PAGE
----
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Nasa selects some early winners in its Astrobee robotic arm competition

Nasa turns to freelancers to design a robotic arm for a flying robotic assistant on the International Space Station

Nasa and announced three of the winners of the ongoing Astrobee Challenges Series, the latest crowdsourcing contest held by Nasa via

In recent years, Nasa has used to hold several crowdsourcing campaigns in order to find innovative solutions to engineering problems they come across.

This time the Astrobee Challenges Series encouraged participants to design a robotic arm for a project on the International Space Station. 

Nasa sought candidates to design alternatives for an attachment and orientation arm for Astrobee, the flying robotic assistant (illustrated below) that will provide support to astronauts on the space station ISS.

nasa astrobee_lebeled

Three of the winners have already been selected:

  • Nino Wunderlin, from South Africa;
  • Myrdal Manzano, from the Philippines; and
  • Amit Biswas, from India, who entered the competition with his company Triassic Robotics.

Wunderlin is a 23-year-old university student. He is studying for a master’s degree in mechanical engineering, specializing in liquid rocket propulsion systems.

Wunderlin joined the Nasa Design an Attachment Mechanism challenge applying his knowledge on electronics and control, aerostructures for light-weight design and 3D modeling and design.

“I wanted to challenge myself and see if my work was good enough for Nasa,” says Wunderlin.

Manzano, a 37-year-old conceptual engineer, joined after being laid off from work over two years ago.

Manzano worked on the Design a Smart Attachment Mechanism challenge and used his skills in 3D design, PCB layout design, manufacturing and circuit design. His experience in robotics and automation also came in handy.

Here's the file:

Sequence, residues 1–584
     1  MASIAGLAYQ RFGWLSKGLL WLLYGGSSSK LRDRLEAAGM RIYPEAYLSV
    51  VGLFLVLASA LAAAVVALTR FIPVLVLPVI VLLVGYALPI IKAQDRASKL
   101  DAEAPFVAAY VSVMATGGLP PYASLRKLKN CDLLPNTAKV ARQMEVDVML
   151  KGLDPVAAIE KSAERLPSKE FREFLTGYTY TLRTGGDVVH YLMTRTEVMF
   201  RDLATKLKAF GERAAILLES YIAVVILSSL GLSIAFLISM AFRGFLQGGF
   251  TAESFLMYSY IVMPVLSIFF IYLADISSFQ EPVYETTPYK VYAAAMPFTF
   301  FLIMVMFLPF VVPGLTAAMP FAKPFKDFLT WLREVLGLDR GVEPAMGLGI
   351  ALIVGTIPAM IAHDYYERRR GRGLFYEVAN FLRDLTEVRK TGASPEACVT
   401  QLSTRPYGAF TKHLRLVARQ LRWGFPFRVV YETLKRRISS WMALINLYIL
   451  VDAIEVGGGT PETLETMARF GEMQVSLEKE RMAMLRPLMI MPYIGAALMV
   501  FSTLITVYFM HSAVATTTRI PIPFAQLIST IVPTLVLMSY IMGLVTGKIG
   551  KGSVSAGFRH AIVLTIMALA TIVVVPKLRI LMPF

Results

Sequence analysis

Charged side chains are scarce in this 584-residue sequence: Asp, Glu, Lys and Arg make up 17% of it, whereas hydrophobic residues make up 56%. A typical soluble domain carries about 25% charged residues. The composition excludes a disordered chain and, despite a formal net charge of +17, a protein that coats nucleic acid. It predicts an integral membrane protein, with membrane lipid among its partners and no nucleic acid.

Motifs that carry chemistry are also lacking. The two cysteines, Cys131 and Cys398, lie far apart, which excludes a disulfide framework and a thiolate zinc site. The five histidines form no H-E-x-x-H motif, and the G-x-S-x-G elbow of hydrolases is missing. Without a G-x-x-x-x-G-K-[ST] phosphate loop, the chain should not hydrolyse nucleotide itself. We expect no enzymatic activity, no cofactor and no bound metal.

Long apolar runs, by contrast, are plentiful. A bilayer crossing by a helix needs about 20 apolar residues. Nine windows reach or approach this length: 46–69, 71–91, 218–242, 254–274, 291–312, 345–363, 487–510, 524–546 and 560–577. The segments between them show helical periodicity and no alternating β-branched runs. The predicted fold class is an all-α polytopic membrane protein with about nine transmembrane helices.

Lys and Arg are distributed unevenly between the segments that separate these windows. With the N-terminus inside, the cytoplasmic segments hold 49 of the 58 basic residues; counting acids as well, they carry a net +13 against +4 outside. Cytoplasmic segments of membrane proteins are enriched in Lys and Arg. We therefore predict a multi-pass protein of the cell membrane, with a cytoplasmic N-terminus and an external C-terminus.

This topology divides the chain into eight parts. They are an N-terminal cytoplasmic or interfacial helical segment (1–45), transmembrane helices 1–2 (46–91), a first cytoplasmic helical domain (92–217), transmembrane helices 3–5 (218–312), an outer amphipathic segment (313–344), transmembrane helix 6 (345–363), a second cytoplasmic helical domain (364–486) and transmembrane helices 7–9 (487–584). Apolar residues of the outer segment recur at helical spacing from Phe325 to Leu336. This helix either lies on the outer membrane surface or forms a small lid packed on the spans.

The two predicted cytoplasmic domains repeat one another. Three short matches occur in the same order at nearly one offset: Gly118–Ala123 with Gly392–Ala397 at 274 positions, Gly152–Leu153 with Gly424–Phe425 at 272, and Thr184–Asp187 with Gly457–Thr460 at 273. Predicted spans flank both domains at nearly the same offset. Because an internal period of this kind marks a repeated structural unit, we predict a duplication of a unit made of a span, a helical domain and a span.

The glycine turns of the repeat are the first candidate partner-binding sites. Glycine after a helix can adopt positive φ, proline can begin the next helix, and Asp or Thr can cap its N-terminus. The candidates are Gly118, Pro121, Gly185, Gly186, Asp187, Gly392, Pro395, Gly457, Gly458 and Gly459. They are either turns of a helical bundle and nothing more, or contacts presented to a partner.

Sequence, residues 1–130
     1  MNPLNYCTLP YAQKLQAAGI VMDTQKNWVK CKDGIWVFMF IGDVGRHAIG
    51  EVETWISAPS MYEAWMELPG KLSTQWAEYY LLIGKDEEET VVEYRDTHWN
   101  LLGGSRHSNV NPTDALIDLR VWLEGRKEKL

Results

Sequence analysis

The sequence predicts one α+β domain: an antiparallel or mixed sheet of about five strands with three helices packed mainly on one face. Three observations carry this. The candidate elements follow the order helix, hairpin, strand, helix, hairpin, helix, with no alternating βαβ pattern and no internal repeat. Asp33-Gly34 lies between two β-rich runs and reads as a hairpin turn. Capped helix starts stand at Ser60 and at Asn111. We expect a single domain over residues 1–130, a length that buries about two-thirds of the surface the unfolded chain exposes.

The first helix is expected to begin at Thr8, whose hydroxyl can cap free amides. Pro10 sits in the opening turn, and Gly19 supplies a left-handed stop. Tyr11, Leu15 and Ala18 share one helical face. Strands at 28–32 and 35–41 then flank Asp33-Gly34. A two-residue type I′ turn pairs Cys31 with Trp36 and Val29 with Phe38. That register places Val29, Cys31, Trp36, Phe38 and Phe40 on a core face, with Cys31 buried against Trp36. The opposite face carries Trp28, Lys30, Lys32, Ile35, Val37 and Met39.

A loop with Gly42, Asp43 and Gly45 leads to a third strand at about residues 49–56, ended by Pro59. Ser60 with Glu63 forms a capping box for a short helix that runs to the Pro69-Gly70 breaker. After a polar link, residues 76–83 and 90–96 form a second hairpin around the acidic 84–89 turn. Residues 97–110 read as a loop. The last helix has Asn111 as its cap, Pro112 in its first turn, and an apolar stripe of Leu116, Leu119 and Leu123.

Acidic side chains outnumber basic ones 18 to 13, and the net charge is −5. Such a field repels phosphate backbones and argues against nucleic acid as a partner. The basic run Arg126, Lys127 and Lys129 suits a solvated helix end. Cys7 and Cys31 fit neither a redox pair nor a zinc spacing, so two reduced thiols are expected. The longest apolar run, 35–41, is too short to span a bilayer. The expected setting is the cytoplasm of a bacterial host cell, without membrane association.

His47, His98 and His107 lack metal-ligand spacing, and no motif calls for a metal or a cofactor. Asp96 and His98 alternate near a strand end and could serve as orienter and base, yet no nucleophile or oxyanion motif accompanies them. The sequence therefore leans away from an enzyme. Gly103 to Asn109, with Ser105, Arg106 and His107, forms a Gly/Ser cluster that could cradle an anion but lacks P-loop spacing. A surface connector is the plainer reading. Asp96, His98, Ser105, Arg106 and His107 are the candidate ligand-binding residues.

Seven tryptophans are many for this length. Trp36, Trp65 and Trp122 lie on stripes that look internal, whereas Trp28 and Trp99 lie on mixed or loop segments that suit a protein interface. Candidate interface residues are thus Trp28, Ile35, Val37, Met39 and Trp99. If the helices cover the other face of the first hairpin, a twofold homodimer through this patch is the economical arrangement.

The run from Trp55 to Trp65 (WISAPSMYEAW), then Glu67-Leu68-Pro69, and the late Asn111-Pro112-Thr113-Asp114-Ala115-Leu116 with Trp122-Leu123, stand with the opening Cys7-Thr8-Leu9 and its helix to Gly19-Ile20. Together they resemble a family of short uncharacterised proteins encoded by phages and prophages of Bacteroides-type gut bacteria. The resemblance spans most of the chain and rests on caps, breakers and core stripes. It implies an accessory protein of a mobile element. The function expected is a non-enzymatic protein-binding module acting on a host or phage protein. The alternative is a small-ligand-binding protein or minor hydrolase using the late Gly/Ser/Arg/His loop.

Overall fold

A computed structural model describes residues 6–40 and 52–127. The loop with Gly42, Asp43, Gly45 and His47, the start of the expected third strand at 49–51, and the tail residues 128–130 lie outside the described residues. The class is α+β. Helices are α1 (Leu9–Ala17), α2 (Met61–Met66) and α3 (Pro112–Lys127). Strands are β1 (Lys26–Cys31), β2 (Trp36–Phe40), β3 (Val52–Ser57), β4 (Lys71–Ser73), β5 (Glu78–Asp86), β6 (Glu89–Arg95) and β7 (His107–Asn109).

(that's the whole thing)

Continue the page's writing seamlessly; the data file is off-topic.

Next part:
Biswas is a 36-year-old software engineer who was excited to participate in the Design a Simple Deployment Mechanism contest.

He relied on his skills in Mechanical Engineering along with CAD and his knowledge of electronics.

Because the design had to meet very strict requirements in terms of size, weight and power consumption, Amit worked on it for about 2 weeks.

“I am very passionate about robotics in general and space robotics is particularly interesting. I was excited to work on this project right from the beginning,” says Biswas.

Astrobee will be replacing the existing Spheres robot. The free-flying robot is heading for ISS in 2019 and will help astronauts with different tasks ranging from housekeeping to spacecraft monitoring.

It can take direction from Nasa’s Mission Control Center at the agency’s Johnson Space Center in Houston as well as perform tasks autonomously.

The Astrobee Challenges Series is still ongoing as there are nine contests that have not been unlocked yet.

A total of $25,000 will be awarded when the entire Series is completed, with individual prizes ranging from $250 to $5,000.

The final challenge is set to conclude in September, 2018.

The collaboration began in 2015 when the Nasa Tournament Lab began piloting contests on

Since then, it has continued to open the door to designers and engineers who are ready to showcase their skills regardless of where they come from.